Activists are calling on the U.S. Olympic National Committee to boycott the upcoming 2022 Winter Olympics set to be held in Beijing, China.
Wa'el Alzayat, the CEO of a group working to increase Muslim-American involvement in politics called Emgage, believes China is violating the ideals of the international sports event as it continues to violate the most basic rights of its Uyghur Muslim community. State-sponsored oppression has been affecting Muslims in the country for decades. To many people, it doesn't make sense for the country to host an event that promotes "peace, friendship and understanding in the world."
Taking part in the winter games while China continues to jail and horrifically abuse millions of Muslims would be unfathomable, Alzayat said, according to HuffPost.
"The Olympic Games are a showcase of what is best of humanity and a celebration of our differences. The mass incarceration of Muslim minorities in China and the intentional attempt to erase their identity are anathema to the Olympic spirit," he explained.
"We cannot as Americans participate in good conscience in these Games as long as these concentration camps are operational," he added.
The U.S. has been taking clear measures against China over its treatment of its Muslim community. Earlier this year, the country restricted visas for the Chinese government and Communist Party officials involved in these inhumane persecutions.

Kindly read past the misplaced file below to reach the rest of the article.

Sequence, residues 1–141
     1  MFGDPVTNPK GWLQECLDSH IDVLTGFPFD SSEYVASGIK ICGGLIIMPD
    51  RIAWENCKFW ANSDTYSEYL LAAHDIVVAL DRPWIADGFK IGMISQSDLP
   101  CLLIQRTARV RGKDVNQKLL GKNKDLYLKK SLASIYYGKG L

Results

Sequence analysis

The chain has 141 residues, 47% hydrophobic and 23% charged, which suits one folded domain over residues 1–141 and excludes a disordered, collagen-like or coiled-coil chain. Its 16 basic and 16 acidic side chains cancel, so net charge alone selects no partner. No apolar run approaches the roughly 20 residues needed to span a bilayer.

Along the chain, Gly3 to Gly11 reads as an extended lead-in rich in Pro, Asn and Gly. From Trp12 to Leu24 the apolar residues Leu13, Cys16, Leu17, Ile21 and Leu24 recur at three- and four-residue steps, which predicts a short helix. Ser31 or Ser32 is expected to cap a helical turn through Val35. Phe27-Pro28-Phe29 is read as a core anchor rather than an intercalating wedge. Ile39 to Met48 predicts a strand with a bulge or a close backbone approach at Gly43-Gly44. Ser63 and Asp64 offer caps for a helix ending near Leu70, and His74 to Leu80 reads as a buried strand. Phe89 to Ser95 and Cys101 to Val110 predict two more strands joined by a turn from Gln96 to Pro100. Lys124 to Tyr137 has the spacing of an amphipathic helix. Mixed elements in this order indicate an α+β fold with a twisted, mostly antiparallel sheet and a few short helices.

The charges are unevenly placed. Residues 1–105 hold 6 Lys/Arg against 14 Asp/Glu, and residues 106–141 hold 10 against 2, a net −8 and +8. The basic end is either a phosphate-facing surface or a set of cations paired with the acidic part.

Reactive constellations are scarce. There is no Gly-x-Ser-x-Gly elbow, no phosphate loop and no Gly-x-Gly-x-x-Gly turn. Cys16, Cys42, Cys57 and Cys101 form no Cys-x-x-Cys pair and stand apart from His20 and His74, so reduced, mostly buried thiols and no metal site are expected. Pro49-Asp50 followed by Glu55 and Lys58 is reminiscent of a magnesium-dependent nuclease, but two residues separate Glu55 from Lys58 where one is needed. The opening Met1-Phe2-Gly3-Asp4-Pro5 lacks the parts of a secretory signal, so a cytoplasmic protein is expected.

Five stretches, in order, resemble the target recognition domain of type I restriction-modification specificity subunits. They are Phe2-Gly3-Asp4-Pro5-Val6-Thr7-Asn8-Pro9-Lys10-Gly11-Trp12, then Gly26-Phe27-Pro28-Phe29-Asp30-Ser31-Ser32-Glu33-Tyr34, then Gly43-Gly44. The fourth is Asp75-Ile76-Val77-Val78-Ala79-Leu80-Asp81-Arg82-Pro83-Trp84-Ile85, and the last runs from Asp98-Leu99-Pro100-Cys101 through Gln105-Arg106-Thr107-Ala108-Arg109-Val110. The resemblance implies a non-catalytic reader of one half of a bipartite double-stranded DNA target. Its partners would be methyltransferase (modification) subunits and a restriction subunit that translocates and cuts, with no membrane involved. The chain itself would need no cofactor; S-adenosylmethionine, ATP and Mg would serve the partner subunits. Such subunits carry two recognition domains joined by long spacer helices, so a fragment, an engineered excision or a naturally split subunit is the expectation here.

The restrictions came soon after the U.S. commerce department implemented export limitations on local companies, preventing them from selling their products to 28 Chinese entities.
The export restrictions mostly affect face recognition and other surveillance technology products. China's Public Security Bureau and several firms involved in surveilling Xinjiang residents were on the list of barred companies.
Abuse against Muslims in China is systematic
Activists and human rights groups have called the Chinese government's conduct as a "campaign of ethnic genocide." The East Asian country has always strongly denied committing any abuses, reiterating that measures taken by them are an attempt to crack down on "extremism."
However, just last week, leaked documents exposed China's systematic brainwashing of Muslims in prison camps across the country, something the government has previously denied.
The documents revealed that the Xinjiang population, to which the country's Uyghur Muslim population belongs to, are monitored, abused, and locked up in camps under strict rules.
There have been multiple reports in recent months confirming the state of abuse in these prison camps. People who escaped the so-called "re-education camps" in China have reported torture, rape, and abuse.
Last month, a Muslim woman who escaped - after being detained in November 2017 - said inmates were "gang raped, subjected to torture and medical experiments and forced to eat pork."
Other documents in the recently leaked report confirmed that 15,000 people from southern Xinjiang were sent to the camps over the course of just one week in 2017. A report released earlier this year also noted that a mobile "tracking" application was being used by police officers and authorities to monitor Uyghur citizens.
The persecution of Muslims in the country has been well-documented by top human rights organizations, especially when it comes to the Uyghur community. Uyghurs make up about 45 percent of China's Muslim-majority province Xinjiang.
Muslims living in the province are barred from giving their kids certain Islamic names, wearing burqas, and donning "abnormal beards." Under regulations passed in recent years, people of the faith are forced to watch state television and provided guidelines on how children can be educated.
In 2017, Xinjiang's Muslims were reportedly ordered to turn in all religious items to police, including prayer mats and copies of the Holy Quran.